Bruesewitz v. Wyeth Inc

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Bruesewitz v. Wyeth Inc by Mind Map: Bruesewitz v. Wyeth Inc

1. Facts

1.1. Bruesewitz

1.1.1. Hannah Bruesewitz, a six month old, received immunization vaccines as recommended by the CDC schedule and began seizures shortly thereafter

1.1.1.1. Hannah was hospitalized for weeks following vaccination

1.1.1.2. Hannah's parents sued for compensation relating to her injuries, alleging strict product liability

1.1.1.2.1. Judge dismissed lawsuit ruling the National Childhood Vaccine Injury Act (NCVIA) didn't allow people to sue vaccine makers, Wyeth in this case, for injuries sustained from vaccines

1.2. Wyeth

1.2.1. Manufactured diphtheria, tetanus and pertussis (DTP) vaccines

1.2.1.1. Vaccines for these three ailments were given to children, in this case Hannah Bruesewitz, who was subsequently hospitalized

1.3. Vaccine market for DTP was blamed for children's disabilities which led to massive tort litigation

1.3.1. A result of this tort litigation was manufacturers pulling out of the vaccine market

1.3.2. The NCVIA set up compensation program that works faster than tort litigation

1.3.2.1. Claimants would receive compensation for medical, rehab, counseling, special ed., and vocational training etc. with $250,000 for vaccine related deaths

2. Issue

2.1. The issue before the court is whether the NCVIA immunizes manufacturers from product liability lawsuits filed by injured parties arising from issues with the manufacturers vaccine

3. Rule of Law

3.1. The rule of law in this case is strict product liability

3.1.1. A plaintiff must prove defective condition, the product is unreasonably dangerous and that physical harm incurred,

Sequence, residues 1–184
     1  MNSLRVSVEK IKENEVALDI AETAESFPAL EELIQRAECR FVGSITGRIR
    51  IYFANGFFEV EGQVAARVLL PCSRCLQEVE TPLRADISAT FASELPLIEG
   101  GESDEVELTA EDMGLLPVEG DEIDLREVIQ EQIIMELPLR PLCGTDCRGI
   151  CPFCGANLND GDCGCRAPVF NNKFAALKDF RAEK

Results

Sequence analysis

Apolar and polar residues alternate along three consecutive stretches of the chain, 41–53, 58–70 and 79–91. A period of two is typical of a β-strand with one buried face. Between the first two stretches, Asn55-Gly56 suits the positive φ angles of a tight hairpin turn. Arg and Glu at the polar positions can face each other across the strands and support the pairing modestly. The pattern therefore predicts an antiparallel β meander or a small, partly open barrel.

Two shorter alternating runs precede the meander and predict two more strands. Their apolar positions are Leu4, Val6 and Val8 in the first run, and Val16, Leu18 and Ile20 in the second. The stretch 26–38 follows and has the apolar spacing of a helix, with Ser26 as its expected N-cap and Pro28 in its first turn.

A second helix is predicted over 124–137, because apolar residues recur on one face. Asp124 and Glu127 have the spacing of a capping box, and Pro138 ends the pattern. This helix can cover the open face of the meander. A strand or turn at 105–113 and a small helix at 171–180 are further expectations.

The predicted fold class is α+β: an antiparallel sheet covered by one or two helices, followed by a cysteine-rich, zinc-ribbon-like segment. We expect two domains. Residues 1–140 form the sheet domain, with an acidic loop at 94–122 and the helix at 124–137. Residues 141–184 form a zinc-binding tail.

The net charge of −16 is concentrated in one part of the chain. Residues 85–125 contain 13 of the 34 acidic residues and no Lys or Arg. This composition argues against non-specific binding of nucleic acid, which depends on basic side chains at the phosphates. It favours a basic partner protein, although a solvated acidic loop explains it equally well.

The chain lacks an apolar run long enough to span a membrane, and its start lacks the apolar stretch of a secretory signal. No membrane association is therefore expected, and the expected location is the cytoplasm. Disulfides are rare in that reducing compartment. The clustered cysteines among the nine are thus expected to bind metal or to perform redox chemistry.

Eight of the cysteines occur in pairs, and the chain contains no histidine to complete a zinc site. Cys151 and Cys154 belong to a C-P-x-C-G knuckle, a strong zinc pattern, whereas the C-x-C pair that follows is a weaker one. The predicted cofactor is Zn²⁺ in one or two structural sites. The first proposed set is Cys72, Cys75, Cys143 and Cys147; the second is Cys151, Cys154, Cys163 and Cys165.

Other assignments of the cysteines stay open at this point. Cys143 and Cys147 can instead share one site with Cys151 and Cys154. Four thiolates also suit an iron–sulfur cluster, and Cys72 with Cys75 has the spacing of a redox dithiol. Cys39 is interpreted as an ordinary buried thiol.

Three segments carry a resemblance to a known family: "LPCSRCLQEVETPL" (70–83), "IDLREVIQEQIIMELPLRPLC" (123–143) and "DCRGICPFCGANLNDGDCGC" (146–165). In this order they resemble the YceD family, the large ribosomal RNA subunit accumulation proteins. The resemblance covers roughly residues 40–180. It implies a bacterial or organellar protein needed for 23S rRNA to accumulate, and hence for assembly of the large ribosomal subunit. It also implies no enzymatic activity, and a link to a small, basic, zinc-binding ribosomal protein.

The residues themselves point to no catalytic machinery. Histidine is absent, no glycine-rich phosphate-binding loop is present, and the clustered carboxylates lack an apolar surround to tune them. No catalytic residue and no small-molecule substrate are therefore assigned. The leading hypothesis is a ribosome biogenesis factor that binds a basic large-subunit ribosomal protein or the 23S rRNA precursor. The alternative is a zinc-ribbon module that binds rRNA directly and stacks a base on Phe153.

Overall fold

4. Application

4.1. The Bruesewitz's alleged strict product liability due to design defects

4.1.1. The court ruled against their claim

4.1.2. The quid pro quo of the NCVIA immunizes manufacturers from liability if they comply with federal requirements, thus eliminating liability arising from unavoidable adverse side effects from vaccines

4.1.2.1. The law provides reparations to the injured parties while allowing vaccine makers to sidestep costly litigation

4.1.2.1.1. This is why the no-fault compensation program was put in place to speed up claimants receiving reparations and sheltering vaccine manufacturers

5. Conclusion

5.1. Supreme Court affirmed lower court decision

5.1.1. Courts found Congress set up special vaccine to compensate injured people without drug manufacturers leaving the market for vaccinations

6. Decision Impact

6.1. Hammitt v. Sec'y of HHS, 2010 U.S. Claims LEXIS 725

6.1.1. In this case, they found that the infant vaccinee's neurologic disorder was not shown to be caused by a DTP vaccination, even though the vaccinee suffered an afebrile seizure lasting more than thirty minutes, within two days of her DTP vaccination. Bruesewitz v. Wyeth is then cited

6.2. Wright v. Aventis Pasteur, Inc., 2011 PA Super 9, 14 A.3d 850, 2011 Pa. Super. LEXIS 6, CCH Prod. Liab. Rep. P18560 (Pa. Super. Ct. 2011)

6.2.1. The trial court opinion in this case notes an inquiry into design defects for a manufacturer's vaccine would require a fact finder to consider the manufacturer's design against a purported safer alternative. Bruesewitz v. Wyeth is then cited

7. Why It Matters

7.1. This case matters because the ruling shelters vaccine makers from excessive tort liabilities, given the nature of their products and difficulty proving a vaccine directly caused the vaccinated harm, and allows them to continue operating in the market without fear of onerous litigation

7.1.1. This case also matters because in subsequent cases, the decisions have been upheld that the NCVIA pre-empts state tort claims regarding design and failure to warn about side-effects like the case of Wright v. Aventis Pasteur or avoiding litigation in situations where it can't be proved that DTP caused seizures like Hammitt v. HHS